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A Magician's Magician

Tony Slydini (1901-1991), better known by the mononym Slydini, was a legendary magician still widely hailed as one of the greatest masters of sleight of the hand and close-up magic. Slydini combined a light-hearted, conversational, almost impromptu style of patter with sleights of astonishing sophistication and quality. He was also a master of misdirection and the human psyche. Most of his tricks were deceptively simple in design, but highly complex in execution. He entirely eschewed fancy props, gimmicks, or gaffs, performing his tricks with just the everyday objects he was manipulating - typically real, ordinary coins or playing cards - and his own two hands. Two of his most famous tricks - Paper Balls in the Hat and Paper Balls over the Head - were designed to be performed using crumpled up paper restaurant napkins.

Slydini was born Quintino Marucci in Foggia, Italy on September 1, 1901. His father was an amateur magician who encouraged him to practice sleight of the hand from a young age. As a young man, Slydini and his uncle immigrated to Argentina, where Slydini became a professional magician in Argentina's version of Vaudeville theater. When work dried up following the 1929 stock market crash, Slydini moved to New York City seeking new opportunities. Initially, he was given the stage name "Tony Foolem" by his US promoter, but other magicians later convinced him this was a terrible name and coined a new stage name, "Tony Slydini," from a portmanteau of "sly" and "Houdini."

Thereafter, Slydini had a long and fruitful career as a New York-based close-up magician. Since his close-up style was not conducive to large stage shows, he never achieved widespread name recognition among the broader public, but he was especially legendary among his fellow magicians, who loved to watch Slydini work because they knew *exactly* what he was doing, but still couldn't detect that he was doing it. Accordingly, his humble New York magic studio became a pilgrimage site for famous magicians who would come to learn the craft of close-up from the undisputed master.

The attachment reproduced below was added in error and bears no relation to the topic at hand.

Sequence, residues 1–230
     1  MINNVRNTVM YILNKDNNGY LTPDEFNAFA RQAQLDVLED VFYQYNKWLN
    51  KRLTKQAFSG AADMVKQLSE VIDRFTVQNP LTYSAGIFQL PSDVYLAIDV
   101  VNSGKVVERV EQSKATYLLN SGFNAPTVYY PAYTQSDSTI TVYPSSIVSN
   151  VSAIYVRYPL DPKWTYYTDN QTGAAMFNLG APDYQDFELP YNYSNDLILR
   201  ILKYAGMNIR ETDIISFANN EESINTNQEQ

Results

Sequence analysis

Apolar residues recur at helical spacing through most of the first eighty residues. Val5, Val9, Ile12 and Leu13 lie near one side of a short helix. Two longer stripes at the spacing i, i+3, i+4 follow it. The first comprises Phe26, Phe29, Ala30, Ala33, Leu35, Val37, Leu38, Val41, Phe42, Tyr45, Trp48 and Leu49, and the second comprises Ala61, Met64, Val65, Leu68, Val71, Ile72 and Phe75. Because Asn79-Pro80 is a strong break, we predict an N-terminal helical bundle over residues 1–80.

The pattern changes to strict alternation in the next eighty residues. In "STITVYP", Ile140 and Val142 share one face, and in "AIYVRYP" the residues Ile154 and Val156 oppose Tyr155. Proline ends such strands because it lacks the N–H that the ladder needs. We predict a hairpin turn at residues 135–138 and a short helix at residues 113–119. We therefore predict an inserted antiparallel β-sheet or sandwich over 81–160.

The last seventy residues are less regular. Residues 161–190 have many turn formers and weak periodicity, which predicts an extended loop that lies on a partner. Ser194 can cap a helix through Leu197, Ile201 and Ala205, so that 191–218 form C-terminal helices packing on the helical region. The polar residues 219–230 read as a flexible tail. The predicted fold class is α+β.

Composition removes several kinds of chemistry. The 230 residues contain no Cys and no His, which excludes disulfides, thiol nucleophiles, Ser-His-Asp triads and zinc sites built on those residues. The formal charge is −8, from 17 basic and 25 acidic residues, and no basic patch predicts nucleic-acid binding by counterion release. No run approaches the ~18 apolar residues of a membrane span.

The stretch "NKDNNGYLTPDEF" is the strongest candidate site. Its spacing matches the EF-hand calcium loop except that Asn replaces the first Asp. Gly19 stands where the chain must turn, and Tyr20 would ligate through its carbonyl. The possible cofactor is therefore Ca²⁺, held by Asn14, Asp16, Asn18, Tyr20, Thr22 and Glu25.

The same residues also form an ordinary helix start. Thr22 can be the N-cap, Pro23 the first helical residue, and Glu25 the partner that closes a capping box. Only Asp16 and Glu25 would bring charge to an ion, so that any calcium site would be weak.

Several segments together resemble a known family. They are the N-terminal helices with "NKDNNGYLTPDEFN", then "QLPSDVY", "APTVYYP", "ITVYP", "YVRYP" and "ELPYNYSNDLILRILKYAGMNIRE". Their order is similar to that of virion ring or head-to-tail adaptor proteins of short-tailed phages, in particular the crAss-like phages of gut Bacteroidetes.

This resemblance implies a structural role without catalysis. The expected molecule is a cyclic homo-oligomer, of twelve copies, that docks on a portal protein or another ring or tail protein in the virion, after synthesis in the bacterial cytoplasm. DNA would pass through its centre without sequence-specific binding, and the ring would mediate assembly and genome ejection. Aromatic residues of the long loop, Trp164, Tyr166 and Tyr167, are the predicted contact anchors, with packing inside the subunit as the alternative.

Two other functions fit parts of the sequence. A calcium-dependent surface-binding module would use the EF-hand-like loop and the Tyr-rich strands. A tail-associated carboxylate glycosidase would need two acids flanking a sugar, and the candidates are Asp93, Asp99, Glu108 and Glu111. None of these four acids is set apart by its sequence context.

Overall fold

Unfortunately for the modern student of magic, very few videos of Slydini exist. Moreover, Slydini's tricks did not translate well onto a screen because they were meant to be best appreciated close-up and in person, where the effect was truly astonishing. On a video screen, it is possible to watch over and over and gradually figure out what he is doing (although you still can't actually *see* it - he was just that good). The screen also negates much of his brilliant misdirection, which was all aimed at the people sitting at his table rather than at the cameras. Nevertheless, there are a small handful of videos floating around on Youtube, which give you some sense of how masterful this master magician truly was.

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